— If, through some means, a table has already had a certain points total already applied to it then this card overrides that points total with the new total

– 1x Tip Off
— Play during the team planning stage before teams start the pick/counterpick phase
— Your team must loudly and clearly pick one of the opposing teams players and how many points they will be allocated for the next round

— When allocating points in the next phase this player must be assigned that many points
— If the team has not yet decided any of those details then they have 30 seconds to decide (with team captain the deciding vote)
— If they fail to declare these details within 30 seconds then the team playing this card gets 30 seconds to make that decision for them!

– 1x It’s a Trap!
— Play during the team planning stage after teams complete the pick/counterpick phase
— Your team picks either two of your own player OR two of the opposing team’s players, they switch tables (but keep the points they have been allocated, if any)
— Both players switch tables and play on the newly selected ones against their new opponents
— They may both select their own point totals as normal (if they have not been allocated any) and do not have to tell the other team how many they are bringing

Epic: Armageddon Factions 101 – Part 8 Xenos

Many thanks for the contributions of StevekCole, RichardL, Paul Townsend (link to Hobby Brush Blog), Joel Mart (link to their blog), Shawn Gleason and Philip Hertel (link to their Flickr)!


This time we’re having a look through the remaining forces of the Xenos! Little coordinated theme between them so not a lot of shared characteristics to comment upon before we dive in.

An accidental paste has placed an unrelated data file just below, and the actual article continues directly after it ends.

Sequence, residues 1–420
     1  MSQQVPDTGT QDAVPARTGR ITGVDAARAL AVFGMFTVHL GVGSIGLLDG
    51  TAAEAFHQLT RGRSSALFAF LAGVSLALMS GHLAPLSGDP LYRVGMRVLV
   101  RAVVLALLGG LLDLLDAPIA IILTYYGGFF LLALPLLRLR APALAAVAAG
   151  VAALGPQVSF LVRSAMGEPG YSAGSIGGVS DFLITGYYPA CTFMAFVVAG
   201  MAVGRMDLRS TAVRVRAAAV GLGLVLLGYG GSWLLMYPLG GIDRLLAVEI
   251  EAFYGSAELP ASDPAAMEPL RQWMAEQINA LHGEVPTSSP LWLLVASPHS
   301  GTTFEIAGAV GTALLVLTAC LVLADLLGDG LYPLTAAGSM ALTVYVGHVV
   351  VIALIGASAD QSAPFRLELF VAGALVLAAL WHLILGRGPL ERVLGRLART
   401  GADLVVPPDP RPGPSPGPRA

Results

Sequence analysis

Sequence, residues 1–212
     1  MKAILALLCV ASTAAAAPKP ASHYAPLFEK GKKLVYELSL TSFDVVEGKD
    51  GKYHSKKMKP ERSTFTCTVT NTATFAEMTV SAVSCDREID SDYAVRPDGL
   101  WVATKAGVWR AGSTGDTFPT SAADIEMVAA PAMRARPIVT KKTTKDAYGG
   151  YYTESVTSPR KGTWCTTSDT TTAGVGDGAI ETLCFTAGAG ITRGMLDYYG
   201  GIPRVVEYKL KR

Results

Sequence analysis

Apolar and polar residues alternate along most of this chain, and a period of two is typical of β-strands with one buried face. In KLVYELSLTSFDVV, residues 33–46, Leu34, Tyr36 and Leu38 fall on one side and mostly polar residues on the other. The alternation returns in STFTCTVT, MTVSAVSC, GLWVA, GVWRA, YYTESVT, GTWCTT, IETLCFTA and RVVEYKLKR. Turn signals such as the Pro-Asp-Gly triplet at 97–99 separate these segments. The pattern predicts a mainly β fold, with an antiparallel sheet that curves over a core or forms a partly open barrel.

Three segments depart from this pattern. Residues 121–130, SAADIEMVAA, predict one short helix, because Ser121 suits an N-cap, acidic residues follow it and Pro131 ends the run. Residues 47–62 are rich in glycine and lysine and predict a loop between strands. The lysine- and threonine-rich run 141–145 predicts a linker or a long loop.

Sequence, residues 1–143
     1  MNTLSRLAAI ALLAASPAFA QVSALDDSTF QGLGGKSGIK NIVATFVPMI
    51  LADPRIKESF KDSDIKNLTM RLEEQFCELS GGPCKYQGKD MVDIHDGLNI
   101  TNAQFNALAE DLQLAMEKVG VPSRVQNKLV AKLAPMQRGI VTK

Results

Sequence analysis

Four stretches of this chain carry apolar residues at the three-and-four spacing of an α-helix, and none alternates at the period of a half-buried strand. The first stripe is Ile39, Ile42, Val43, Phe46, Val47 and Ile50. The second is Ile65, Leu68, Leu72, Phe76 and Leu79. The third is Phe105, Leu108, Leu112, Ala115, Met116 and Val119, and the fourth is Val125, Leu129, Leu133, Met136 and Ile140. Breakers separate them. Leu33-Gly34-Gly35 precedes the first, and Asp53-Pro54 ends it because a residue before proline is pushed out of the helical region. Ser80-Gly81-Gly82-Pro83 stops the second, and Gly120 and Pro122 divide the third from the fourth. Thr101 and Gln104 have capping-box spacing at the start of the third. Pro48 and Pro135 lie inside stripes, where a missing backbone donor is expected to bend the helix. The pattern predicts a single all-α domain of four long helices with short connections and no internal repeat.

Of note is that I do not personally own nor play any of these armies and have only experienced playing against them. So, I have sought out great (hive?) minds to guide me.

Link to Squat Codex
Link to Tyrannid Codex

Link to Tau Codex

Link to Necron Codex


This section has been provided by returning grand conqueror StevekCole! All shall kneel before him.


Back from the maw of the great devourer Squats are one of the newest lists and oldest epic armies dating back to the second incarnation of Space Marine. While they never quite worked as a 40k army even Jervis Johnson (who ultimately set the tyranids on them) was a fan of them at epic scale

On a basic level they play somewhere between Steel Legion and Ghaz Orks. As such they’re a lot of fun.

They have a broad selection of units and troop types which allows for a wide range of list types. You can go for a fast moving biker and infantry army, a gunline, a wall of war engines or something more balanced. Lacking any serious special rules (except tunnelers) they’re a straightforward army to learn to play with and against.